Mate preference used to be based on "the best mate I can get in bed with me," (with an argument for "the best mate I can marry" if you think people are not unfaithful). Now the por.n and se.x toys industry are competition as well. I mention the se.x toys because while women don't seem to get as much from dirty pictures/videos, vibes are now better than men at a lot of things, and I have already heard of women who have become sufficiently desensitized by !$%*!$%*! that they can't get off from a human without vibe assistance.
So far, reinforcing your point. But we still like to cuddle, we still like discourse, and in my experience, the higher your "mate value," the more you value things like personality, intelligence, etc. I suspect that the next generation is going to have a lot of the sorts of folks who had trouble finding a mate before internet just going with the flow and using por.n, while the smartest folks continue to look for a human.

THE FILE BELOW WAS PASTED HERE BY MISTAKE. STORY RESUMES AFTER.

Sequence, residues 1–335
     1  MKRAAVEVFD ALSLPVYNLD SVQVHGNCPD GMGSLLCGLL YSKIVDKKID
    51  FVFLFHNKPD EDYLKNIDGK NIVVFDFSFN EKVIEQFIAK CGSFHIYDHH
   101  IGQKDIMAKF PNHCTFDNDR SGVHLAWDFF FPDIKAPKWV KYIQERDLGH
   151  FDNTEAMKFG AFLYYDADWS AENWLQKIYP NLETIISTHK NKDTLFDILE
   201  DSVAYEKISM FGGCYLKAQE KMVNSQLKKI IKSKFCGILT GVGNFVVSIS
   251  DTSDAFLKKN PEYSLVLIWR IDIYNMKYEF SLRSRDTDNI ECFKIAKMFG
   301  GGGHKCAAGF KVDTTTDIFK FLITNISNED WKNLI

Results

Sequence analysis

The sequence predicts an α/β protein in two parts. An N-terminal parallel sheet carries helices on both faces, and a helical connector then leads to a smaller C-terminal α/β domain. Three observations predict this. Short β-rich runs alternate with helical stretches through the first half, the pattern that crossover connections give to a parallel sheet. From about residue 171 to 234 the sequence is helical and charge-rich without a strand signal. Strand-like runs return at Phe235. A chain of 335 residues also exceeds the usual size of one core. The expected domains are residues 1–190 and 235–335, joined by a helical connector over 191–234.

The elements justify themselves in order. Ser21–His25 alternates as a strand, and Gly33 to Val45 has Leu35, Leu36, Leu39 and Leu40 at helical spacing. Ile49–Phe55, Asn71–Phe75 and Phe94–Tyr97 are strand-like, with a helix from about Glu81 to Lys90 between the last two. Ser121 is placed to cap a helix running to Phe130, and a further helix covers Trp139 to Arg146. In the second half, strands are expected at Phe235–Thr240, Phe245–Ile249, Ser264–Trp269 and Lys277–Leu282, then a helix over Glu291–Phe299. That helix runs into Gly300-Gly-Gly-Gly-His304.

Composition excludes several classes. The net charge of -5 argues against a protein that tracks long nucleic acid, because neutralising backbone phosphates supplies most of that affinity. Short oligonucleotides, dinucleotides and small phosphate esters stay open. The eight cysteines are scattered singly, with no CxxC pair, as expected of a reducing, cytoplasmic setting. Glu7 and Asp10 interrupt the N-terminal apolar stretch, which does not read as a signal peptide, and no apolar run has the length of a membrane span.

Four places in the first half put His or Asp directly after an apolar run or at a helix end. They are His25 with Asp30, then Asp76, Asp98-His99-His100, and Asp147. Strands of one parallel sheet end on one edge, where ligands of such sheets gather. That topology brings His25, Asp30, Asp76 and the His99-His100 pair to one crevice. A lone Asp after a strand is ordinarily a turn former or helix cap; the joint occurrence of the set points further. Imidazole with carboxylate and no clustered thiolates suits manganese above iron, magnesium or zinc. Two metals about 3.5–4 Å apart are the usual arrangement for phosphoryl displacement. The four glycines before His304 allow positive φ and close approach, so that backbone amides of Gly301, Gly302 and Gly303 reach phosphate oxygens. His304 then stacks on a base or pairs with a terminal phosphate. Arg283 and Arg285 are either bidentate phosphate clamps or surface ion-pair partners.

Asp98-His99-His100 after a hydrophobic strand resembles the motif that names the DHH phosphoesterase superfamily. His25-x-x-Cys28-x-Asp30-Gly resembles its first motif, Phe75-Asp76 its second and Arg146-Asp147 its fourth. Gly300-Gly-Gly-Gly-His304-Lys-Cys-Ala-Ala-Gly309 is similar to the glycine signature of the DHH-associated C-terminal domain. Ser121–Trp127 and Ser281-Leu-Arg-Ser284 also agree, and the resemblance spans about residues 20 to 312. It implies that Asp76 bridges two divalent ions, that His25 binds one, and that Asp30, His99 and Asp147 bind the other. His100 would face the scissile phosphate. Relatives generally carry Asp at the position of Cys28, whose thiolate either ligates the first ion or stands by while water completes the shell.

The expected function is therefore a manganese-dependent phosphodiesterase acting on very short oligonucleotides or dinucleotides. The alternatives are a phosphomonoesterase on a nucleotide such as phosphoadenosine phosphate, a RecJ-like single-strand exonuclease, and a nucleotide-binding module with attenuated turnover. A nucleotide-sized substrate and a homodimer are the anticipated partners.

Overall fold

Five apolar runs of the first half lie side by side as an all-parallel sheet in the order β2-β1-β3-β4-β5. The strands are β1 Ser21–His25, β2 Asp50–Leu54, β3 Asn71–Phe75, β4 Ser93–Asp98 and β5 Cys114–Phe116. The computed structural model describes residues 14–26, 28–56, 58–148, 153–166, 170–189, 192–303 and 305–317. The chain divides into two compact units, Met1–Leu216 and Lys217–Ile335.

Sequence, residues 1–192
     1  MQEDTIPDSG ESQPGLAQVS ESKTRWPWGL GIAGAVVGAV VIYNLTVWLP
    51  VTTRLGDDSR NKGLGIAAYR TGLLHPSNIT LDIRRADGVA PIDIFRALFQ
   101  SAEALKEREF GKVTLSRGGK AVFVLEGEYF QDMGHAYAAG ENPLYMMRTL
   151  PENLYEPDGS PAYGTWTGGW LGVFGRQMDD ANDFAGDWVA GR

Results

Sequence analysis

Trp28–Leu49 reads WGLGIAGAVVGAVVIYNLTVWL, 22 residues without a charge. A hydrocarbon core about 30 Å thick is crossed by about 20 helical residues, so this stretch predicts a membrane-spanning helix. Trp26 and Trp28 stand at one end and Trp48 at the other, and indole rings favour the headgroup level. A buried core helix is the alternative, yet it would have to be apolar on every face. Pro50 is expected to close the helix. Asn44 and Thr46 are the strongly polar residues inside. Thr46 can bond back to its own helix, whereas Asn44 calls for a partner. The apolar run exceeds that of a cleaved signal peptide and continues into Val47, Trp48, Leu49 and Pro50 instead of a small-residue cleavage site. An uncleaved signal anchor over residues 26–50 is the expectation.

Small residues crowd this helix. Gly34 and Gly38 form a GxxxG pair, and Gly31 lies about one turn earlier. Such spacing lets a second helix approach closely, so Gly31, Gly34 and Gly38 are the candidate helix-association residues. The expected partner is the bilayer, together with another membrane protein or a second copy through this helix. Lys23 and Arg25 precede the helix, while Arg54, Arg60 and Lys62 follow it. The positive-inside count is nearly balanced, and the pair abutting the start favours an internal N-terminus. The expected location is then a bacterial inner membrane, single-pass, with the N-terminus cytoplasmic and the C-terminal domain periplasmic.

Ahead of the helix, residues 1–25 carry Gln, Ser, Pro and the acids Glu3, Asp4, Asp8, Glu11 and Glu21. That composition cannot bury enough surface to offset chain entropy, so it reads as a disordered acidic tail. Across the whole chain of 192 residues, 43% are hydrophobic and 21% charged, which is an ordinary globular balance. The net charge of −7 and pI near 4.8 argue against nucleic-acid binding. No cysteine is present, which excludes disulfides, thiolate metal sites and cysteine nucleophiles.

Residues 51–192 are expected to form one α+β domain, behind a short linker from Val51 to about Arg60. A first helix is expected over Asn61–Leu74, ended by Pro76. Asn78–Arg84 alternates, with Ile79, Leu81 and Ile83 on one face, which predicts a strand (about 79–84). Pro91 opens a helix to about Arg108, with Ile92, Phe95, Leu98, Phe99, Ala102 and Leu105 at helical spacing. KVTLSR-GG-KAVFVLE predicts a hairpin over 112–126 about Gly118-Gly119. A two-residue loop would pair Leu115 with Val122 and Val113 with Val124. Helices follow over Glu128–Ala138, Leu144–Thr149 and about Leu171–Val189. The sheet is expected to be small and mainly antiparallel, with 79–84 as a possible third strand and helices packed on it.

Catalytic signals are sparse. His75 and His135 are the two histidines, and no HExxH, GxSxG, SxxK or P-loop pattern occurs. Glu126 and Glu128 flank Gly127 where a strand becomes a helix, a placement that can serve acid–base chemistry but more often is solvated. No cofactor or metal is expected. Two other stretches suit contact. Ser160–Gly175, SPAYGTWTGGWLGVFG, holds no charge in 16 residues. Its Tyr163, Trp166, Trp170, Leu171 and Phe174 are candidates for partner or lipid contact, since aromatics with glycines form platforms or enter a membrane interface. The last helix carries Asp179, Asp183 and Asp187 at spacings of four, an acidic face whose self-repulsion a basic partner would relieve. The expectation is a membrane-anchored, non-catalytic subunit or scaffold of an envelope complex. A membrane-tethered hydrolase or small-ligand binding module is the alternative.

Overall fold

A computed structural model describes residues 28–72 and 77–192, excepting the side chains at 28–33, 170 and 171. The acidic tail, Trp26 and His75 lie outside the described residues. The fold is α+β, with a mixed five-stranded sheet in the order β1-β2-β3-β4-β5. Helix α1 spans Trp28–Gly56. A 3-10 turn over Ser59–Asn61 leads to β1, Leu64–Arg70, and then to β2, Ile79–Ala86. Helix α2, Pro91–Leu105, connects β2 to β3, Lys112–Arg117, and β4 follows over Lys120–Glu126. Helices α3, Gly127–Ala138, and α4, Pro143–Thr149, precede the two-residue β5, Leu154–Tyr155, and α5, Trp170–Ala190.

Basically, I think por.n is the solution to the problem posited by idiocracy.
 
 
Jul 24, 2014
I'm building a full size humanoid robot. It takes a long time for a 3D printer to do it's job, and even though I don't have a sexual motive, I'll admit that the thought has crossed my mind. Maybe I'll find the idea more interesting in a month or so when my robot is more than half of a left arm. At this point, the robot isn't competing well with masturbation.
 
 
Jul 24, 2014
I have had a related thought that I would not want to be a strip club owner right now. The competition from the Internet is going to be enough to satisfy the casual miscreant, who would rather stay at home versus park their car in front of such an establishment. On the other end of the spectrum, the pathologically perverted are not going to be able to bring a donkey or whatever else floats their boat into a club. So, who's your customer?